Some communities on board a military vessel and also of military soldiers tend to form a closed 'family' which absorbs in members, who are often formally accepted, generally after a form of trial or hazing. In addition, there can be similar rites of passages associated with parts of naval and military life, which do not constitute true initiations as the participants are already and remain members of the same community. One such rite is associated with crossing the equator on board a naval ship, but it can even be taken by passengers on board a cruise liner, who are not and do not become members of anything but the so-called "equator crossing club". Another form, “Kissing the Royal Belly” or “Royal Baby”, calls for initiates to kneel before a senior member of the crew, who wears a mock diaper. This “Baby” usually has a huge stomach covered with greasy materials ranging from cooking oil to mustard, shaving cream, eggs, and oysters. Junior sailors must lick the Baby’s navel area, while the "baby" grabs and shakes their head to better smear the goo onto their faces. Gang Gangs often require new members to commit crimes before accepting them as part of the gang. New members may be physically beaten by fellow gang members to demonstrate their courage, also known as "beat in" or "jump in", which occasionally results in a fatality. One study indicates that young people are more likely to be hurt in gang initiation than they are by refusing to join. Female members may be required to have sex with male members as a form of initiation, also known as "sex in", though they may also be "jumped-in" like their male counterparts. One study shows that female members who were “sexed-in” as part of gang initiation were thereafter viewed with lower respect than those that were "jumped-in", even when promised they would become full-fledged members. Another study found that sexed-in members face greater risks of sexual exploitation and abuse by fellow male members. Tribal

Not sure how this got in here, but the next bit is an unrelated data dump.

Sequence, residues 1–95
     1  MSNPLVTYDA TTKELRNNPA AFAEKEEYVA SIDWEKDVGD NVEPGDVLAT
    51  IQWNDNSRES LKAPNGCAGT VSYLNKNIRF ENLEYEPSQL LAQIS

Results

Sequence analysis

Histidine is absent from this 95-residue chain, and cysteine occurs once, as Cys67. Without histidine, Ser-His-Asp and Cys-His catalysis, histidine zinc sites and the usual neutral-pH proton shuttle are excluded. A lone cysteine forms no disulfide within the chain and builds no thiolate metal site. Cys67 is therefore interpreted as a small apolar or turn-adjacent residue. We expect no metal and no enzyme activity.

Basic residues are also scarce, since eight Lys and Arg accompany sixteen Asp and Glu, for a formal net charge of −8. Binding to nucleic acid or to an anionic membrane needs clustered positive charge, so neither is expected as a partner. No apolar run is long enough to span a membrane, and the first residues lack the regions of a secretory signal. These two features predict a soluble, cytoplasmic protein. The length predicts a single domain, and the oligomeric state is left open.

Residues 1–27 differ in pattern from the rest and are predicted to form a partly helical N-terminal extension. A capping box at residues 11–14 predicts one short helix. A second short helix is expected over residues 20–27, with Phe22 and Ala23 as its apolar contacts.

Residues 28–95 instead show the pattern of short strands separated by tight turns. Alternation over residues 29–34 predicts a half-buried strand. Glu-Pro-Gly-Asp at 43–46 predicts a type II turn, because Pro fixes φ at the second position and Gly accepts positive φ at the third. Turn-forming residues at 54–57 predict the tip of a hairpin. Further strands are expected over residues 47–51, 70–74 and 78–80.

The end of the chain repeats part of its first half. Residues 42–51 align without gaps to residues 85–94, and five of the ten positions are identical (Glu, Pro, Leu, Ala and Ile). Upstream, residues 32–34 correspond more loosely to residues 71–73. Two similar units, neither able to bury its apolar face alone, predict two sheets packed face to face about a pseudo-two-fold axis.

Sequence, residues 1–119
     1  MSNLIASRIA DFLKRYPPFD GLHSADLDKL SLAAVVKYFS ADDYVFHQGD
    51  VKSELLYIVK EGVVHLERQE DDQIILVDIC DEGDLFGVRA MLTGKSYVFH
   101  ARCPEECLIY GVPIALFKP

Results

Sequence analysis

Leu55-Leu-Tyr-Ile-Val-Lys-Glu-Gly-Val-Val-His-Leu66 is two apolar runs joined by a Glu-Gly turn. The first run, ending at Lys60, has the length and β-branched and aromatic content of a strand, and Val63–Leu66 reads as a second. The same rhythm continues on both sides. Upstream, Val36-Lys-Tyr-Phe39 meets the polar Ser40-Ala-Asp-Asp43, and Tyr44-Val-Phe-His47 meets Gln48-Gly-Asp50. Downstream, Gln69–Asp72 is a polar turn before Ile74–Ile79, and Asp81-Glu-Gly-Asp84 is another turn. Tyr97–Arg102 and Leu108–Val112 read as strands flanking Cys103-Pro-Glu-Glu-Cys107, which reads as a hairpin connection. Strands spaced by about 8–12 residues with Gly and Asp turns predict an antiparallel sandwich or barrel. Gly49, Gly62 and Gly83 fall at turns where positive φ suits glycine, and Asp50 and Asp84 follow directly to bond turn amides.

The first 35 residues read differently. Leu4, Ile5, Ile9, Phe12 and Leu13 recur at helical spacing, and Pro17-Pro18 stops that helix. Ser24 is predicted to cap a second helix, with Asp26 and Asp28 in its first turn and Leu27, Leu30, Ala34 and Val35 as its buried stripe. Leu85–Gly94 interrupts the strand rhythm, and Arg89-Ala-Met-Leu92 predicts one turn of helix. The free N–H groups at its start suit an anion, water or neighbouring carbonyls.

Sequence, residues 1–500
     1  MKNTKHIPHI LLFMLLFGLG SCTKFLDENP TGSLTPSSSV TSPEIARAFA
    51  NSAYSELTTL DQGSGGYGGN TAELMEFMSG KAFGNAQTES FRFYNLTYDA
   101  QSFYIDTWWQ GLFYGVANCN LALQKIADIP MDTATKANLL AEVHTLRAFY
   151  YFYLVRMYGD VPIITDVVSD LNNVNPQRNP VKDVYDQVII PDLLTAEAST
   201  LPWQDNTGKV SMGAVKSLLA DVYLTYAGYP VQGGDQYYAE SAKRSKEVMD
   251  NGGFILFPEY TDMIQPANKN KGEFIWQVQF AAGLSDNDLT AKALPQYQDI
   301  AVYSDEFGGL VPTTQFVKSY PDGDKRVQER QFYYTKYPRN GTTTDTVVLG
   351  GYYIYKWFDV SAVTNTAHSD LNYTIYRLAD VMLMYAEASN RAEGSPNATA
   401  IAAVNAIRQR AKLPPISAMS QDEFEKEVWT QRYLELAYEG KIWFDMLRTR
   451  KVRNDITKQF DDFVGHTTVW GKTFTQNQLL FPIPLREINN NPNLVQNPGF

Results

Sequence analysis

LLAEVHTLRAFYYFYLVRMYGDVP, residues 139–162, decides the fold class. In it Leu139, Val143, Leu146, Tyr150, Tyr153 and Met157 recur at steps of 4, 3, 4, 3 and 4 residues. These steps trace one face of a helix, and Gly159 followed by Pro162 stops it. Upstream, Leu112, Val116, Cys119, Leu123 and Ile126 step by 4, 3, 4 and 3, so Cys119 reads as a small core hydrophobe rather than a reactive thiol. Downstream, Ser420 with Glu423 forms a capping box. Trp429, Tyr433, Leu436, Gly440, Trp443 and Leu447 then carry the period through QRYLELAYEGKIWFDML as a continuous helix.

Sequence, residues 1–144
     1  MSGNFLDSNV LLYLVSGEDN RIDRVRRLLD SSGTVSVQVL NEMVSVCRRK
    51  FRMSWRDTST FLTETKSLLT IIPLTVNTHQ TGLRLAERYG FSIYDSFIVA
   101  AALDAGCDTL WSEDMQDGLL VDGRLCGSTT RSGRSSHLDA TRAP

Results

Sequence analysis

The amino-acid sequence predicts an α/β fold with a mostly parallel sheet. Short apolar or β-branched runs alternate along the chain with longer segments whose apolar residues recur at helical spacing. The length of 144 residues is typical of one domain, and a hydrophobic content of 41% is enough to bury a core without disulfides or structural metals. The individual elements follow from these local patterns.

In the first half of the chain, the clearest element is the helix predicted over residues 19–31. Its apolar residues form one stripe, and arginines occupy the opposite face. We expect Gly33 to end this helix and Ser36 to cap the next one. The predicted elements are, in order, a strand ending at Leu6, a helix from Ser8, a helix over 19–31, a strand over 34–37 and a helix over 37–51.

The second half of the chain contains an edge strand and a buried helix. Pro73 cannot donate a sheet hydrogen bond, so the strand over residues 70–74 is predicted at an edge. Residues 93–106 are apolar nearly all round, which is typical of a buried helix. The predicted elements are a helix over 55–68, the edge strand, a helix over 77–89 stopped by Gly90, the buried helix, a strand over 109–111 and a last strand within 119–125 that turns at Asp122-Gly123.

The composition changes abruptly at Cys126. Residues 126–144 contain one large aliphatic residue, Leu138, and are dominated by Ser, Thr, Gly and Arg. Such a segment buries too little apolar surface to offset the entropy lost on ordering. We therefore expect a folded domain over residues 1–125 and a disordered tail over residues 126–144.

This hat would only have been worn by initiates to Kindi, the highest level of Bwami. Tail hair of an elephant, a metaphor for Kindi, crowns the hat. European-made buttons began to replace cowrie shells as prestige items on such Bwami paraphernalia as the Western presence grew in eastern Congo in the early twentieth century
Tribes often have initiations. The initiation done in the
^ Aronson, E.; Mills, J. (1959). "The effect of severity of initiation
on liking for a group". Journal of Abnormal and Social Psychology. 59
(2): 177–181. doi:10.1037/h0047195.
^ Festinger, L (1961). "The psychological effects of insufficient
rewards". American Psychologist. 16 (1): 1–11.
^ Kamau, C. (2012). What does being initiated severely into a group
do? The role of rewards. International Journal of Psychology,
^ Keating, C. F.; Pomerantz, J.; Pommer, S. D.; Ritt, S. J. H.;
Miller, L. M.; McCormick, J. (2005). "Going to college and unpacking
hazing: A functional approach to decrypting initiation practices among
undergraduates". Group Dynamics: Theory, Research, and Practice. 9
(2): 104–126. doi:10.1037/1089-26188.8.131.52.
^ Lodewijkx, H. F. M.; van Zomeren, M.; Syroit, J. E. M. M. (2005).
"The anticipation of a severe initiation: Gender differences in
effects on affiliation tendency and group attraction". Small Group
Research. 36 (2): 237–262. doi:10.1177/1046496404272381.
^ Bernard, Christian (2015). So Mote It Be!. Chapter 10. Mystical
Barker, John (2007). The Anthropology of Morality in Melanesia and
Beyond. Ashgate Publishing, Ltd. ISBN 0754671852.
Brumbaugh, Robert (1980). "Models of Separation and a Mountain Ok
Religion". Ethos. 8 (4).
Robbins, Joel (2001). "God Is Nothing but Talk: Modernity, Language,
and Prayer in a
Papua New Guinea